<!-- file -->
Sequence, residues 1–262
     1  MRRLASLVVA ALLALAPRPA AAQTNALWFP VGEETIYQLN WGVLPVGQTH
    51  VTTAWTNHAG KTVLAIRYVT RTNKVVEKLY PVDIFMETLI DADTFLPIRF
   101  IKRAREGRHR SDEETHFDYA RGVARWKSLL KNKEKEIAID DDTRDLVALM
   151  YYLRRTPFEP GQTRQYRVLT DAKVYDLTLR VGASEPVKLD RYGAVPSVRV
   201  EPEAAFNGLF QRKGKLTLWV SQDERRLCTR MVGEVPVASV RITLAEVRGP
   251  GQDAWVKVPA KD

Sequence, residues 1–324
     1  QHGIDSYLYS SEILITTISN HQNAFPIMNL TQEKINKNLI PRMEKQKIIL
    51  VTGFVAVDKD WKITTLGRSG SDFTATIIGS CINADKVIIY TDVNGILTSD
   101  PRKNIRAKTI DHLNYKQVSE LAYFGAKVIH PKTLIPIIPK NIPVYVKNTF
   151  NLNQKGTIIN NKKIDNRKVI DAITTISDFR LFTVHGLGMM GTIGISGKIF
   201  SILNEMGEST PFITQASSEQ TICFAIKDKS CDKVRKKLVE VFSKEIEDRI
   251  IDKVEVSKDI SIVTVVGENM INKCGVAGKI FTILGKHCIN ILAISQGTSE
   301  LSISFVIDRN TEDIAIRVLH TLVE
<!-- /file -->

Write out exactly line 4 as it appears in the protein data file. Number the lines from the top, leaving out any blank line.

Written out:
   101  IKRAREGRHR SDEETHFDYA RGVARWKSLL KNKEKEIAID DDTRDLVALM